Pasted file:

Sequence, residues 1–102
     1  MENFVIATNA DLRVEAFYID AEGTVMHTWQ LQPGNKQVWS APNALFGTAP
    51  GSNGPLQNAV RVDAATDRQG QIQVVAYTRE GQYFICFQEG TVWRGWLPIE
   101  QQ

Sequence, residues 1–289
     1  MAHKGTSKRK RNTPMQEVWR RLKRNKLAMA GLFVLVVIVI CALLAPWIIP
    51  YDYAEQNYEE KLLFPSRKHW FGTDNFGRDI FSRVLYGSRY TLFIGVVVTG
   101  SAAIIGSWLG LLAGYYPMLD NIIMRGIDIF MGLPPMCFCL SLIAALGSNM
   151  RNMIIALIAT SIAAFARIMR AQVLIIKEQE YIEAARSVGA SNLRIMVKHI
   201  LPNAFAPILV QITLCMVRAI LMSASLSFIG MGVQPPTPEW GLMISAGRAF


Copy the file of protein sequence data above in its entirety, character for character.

Sequence, residues 1–102
     1  MENFVIATNA DLRVEAFYID AEGTVMHTWQ LQPGNKQVWS APNALFGTAP
    51  GSNGPLQNAV RVDAATDRQG QIQVVAYTRE GQYFICFQEG TVWRGWLPIE
   101  QQ

Sequence, residues 1–289
     1  MAHKGTSKRK RNTPMQEVWR RLKRNKLAMA GLFVLVVIVI CALLAPWIIP
    51  YDYAEQNYEE KLLFPSRKHW FGTDNFGRDI FSRVLYGSRY TLFIGVVVTG
   101  SAAIIGSWLG LLAGYYPMLD NIIMRGIDIF MGLPPMCFCL SLIAALGSNM
   151  RNMIIALIAT SIAAFARIMR AQVLIIKEQE YIEAARSVGA SNLRIMVKHI
   201  LPNAFAPILV QITLCMVRAI LMSASLSFIG MGVQPPTPEW GLMISAGRAF